"The way the actual process [of delivering residential solar] is done has a lot of room for improvement," argues Pujol. "From how you simulate the production at the home, the software that you use, how you do these estimates, how you present that information to the customer and how you capture them essentially with that information. But it also has to do, longer term, with what is the technology you build to manage this energy ecosystem in the home of the customer?
"Because we're moving from a world where energy was delivered to you through a cable and there was no management at all to a world where you're suddenly going to have production, you're going to have storage, you're going to have a car that you will need to charge. You will most likely electrify your heating -- which is, in many cases two-thirds of the energy consumption of your place. So there's a big electrification component happening at the residential level and there's no clear way to manage that properly. So we want to also -- as we advance -- build the tech to do that."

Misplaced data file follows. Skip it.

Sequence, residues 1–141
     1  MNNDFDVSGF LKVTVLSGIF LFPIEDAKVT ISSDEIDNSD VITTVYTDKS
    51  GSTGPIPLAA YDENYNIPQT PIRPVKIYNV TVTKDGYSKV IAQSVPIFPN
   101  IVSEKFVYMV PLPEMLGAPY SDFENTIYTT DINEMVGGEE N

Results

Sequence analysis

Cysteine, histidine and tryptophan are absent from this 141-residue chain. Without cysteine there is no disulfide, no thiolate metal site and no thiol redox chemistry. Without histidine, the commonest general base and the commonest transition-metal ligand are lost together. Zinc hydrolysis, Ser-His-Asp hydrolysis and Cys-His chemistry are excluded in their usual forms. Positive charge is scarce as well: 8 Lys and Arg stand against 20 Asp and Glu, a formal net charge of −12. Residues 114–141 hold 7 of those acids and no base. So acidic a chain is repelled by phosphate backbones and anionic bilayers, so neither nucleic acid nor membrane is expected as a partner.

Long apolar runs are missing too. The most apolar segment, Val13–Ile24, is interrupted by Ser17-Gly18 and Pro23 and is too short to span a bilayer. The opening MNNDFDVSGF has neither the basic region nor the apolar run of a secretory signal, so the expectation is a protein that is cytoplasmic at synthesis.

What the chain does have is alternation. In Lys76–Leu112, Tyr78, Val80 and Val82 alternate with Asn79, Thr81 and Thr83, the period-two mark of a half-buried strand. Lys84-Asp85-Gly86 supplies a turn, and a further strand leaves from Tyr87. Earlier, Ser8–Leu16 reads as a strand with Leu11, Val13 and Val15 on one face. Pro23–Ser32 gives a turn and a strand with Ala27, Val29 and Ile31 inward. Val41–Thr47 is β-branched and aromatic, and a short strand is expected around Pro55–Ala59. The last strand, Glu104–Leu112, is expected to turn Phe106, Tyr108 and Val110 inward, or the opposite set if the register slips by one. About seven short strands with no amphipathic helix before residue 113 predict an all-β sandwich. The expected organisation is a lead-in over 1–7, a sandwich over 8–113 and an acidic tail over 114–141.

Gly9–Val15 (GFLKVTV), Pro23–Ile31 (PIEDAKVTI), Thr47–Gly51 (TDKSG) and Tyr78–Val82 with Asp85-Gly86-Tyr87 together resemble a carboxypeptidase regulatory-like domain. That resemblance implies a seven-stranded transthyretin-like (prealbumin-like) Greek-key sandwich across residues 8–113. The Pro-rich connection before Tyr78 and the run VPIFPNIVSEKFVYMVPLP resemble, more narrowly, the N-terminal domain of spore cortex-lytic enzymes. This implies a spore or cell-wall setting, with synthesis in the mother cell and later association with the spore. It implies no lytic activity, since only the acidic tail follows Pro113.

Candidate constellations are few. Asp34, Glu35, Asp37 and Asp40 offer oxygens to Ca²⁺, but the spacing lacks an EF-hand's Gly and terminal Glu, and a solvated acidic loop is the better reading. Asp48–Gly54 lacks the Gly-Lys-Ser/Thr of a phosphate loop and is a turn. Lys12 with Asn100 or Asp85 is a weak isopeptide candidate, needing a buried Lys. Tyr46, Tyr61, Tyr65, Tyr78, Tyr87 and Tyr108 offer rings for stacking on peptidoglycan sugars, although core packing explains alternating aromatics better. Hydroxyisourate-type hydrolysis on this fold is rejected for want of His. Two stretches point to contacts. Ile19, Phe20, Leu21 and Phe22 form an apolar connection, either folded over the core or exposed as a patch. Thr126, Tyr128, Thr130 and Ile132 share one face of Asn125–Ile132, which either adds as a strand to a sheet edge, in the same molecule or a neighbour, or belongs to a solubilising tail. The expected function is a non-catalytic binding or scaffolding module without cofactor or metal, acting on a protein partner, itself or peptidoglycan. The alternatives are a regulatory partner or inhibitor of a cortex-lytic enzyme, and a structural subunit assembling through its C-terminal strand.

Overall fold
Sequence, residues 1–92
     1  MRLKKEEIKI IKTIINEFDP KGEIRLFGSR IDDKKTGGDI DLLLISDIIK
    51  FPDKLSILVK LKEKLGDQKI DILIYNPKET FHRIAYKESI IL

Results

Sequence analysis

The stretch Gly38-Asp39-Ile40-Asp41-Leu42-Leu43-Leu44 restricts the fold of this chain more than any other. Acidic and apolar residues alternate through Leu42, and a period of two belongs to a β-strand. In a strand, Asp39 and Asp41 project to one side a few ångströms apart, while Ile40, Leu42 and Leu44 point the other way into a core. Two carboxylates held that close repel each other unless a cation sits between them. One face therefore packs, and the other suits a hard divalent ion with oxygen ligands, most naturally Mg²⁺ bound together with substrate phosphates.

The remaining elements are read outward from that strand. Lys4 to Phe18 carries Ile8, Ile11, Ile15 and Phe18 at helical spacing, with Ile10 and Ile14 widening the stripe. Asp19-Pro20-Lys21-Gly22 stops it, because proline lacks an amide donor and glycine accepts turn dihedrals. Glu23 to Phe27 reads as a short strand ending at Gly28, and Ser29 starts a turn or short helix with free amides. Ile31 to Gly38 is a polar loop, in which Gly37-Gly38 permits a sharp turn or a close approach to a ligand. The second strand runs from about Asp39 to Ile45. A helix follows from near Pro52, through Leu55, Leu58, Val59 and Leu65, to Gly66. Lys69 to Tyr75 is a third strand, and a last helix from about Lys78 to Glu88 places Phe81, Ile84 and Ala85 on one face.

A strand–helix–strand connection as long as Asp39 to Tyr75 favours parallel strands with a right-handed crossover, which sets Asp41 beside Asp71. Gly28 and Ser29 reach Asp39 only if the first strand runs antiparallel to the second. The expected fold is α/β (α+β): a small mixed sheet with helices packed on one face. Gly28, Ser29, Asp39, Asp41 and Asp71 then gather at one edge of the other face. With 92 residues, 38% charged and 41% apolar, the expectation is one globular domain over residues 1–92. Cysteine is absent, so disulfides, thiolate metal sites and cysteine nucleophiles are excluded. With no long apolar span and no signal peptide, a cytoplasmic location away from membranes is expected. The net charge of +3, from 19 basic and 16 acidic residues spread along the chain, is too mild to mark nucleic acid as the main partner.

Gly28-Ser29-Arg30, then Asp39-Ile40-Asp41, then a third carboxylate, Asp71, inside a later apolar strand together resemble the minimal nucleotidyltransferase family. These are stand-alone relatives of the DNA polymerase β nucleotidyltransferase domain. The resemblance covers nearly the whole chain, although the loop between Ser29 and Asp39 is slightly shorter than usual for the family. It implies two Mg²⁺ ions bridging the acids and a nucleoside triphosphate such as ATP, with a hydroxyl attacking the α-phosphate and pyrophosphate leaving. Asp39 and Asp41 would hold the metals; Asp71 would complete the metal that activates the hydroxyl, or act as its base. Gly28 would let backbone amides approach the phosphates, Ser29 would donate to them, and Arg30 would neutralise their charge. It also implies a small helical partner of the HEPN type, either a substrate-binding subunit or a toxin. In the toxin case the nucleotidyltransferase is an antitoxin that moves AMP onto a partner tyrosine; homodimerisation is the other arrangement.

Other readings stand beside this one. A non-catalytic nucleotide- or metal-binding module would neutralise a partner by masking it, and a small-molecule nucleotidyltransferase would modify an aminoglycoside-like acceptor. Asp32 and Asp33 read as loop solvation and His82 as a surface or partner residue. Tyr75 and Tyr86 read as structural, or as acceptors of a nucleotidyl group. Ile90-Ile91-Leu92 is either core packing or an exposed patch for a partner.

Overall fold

That said, if the startup is to scale it will need the residential installer sector to grow with it -- as well as get comfortable adopting the digital tools they're building. Which means that expanding the network and skills of installers is a core piece of Samara's mission.
"We see a huge opportunity of creating high-quality green-energy jobs," says Cabezuela. "Spain is going to see over 350,000 new green-energy jobs being created by 2030 so we see a great opportunity for hiring, training and developing -- a lot of people are creating that opportunity so when you look at Spain we think it's a market that can actually become the reference player when it comes to solar and [reskilling]. It's already quite advanced in certain aspects."